You'll have to trust me on this, as the Megazine's current dimensions are a little larger than my scanner, but Siku's work on "Fetish" is simply excellent. He uses double-page spreads incredibly well, and occasionally divides the comic page into a series of vertical panels, rather than a number of tiers. The paper's certainly not good enough to show off his remarkable painting in the vivid colors he had in mind, but we certainly see his intent, and so I've increased the contrast a little on these scans. Mega City-One's purples and grays are contrasted sharply with the bright blues and oranges of Africa, and it looks fantastic. His pacing is really great, especially as he alternates his panel layout so effectively. Siku's anatomy is already causing a little trouble, however. His work is very stylized; above Dredd's shoulders you basically see a chin in a helmet. Siku will contribute regularly to Judge Dredd and to other series over the next seven years, and occasionally court controversy as his stylization gets a little crazy, but for now he's a solid contributor with a lot of promise.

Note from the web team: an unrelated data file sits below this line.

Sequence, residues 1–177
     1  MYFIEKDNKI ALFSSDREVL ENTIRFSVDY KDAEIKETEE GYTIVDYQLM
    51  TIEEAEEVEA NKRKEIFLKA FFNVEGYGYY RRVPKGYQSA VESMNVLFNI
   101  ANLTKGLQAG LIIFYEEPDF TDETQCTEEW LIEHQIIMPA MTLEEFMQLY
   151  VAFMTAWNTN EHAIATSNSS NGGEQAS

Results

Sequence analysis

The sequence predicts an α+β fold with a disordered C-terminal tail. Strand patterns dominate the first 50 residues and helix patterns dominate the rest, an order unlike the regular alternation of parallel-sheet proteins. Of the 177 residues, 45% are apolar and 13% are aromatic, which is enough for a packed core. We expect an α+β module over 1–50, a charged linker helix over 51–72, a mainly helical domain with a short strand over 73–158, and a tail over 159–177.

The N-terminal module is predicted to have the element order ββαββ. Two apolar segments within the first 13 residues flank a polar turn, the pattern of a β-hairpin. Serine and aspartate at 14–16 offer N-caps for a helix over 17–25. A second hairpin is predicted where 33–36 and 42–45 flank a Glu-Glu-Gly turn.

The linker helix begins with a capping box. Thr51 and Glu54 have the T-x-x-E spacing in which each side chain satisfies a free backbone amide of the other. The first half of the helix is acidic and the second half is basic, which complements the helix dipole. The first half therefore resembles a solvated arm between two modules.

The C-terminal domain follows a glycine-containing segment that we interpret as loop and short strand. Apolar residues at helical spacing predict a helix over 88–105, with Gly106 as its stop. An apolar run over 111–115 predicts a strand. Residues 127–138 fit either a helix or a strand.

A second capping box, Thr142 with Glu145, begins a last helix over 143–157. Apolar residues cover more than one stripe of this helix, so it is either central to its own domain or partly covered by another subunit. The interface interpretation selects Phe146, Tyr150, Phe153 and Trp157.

Next time... Tharg comes back, and he's ticked off!

(Originally published 3/6/08 at LiveJournal.)